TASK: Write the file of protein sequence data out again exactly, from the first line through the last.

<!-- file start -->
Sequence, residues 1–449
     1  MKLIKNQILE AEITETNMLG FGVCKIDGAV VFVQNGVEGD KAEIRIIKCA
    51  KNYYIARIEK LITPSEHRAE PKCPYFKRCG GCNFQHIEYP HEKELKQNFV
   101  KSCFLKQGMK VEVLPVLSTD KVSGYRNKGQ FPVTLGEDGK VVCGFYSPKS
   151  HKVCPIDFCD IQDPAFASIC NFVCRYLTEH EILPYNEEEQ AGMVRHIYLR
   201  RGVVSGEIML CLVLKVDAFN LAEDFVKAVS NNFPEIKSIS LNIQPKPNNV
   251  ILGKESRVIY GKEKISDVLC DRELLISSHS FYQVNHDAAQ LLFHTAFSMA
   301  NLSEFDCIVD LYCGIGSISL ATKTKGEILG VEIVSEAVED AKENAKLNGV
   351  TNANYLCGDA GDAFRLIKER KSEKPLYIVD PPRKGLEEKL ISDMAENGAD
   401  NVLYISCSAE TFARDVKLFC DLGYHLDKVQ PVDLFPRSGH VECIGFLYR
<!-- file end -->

Sequence, residues 1–449
     1  MKLIKNQILE AEITETNMLG FGVCKIDGAV VFVQNGVEGD KAEIRIIKCA
    51  KNYYIARIEK LITPSEHRAE PKCPYFKRCG GCNFQHIEYP HEKELKQNFV
   101  KSCFLKQGMK VEVLPVLSTD KVSGYRNKGQ FPVTLGEDGK VVCGFYSPKS
   151  HKVCPIDFCD IQDPAFASIC NFVCRYLTEH EILPYNEEEQ AGMVRHIYLR
   201  RGVVSGEIML CLVLKVDAFN LAEDFVKAVS NNFPEIKSIS LNIQPKPNNV
   251  ILGKESRVIY GKEKISDVLC DRELLISSHS FYQVNHDAAQ LLFHTAFSMA
   301  NLSEFDCIVD LYCGIGSISL ATKTKGEILG VEIVSEAVED AKENAKLNGV
   351  TNANYLCGDA GDAFRLIKER KSEKPLYIVD PPRKGLEEKL ISDMAENGAD
   401  NVLYISCSAE TFARDVKLFC DLGYHLDKVQ PVDLFPRSGH VECIGFLYR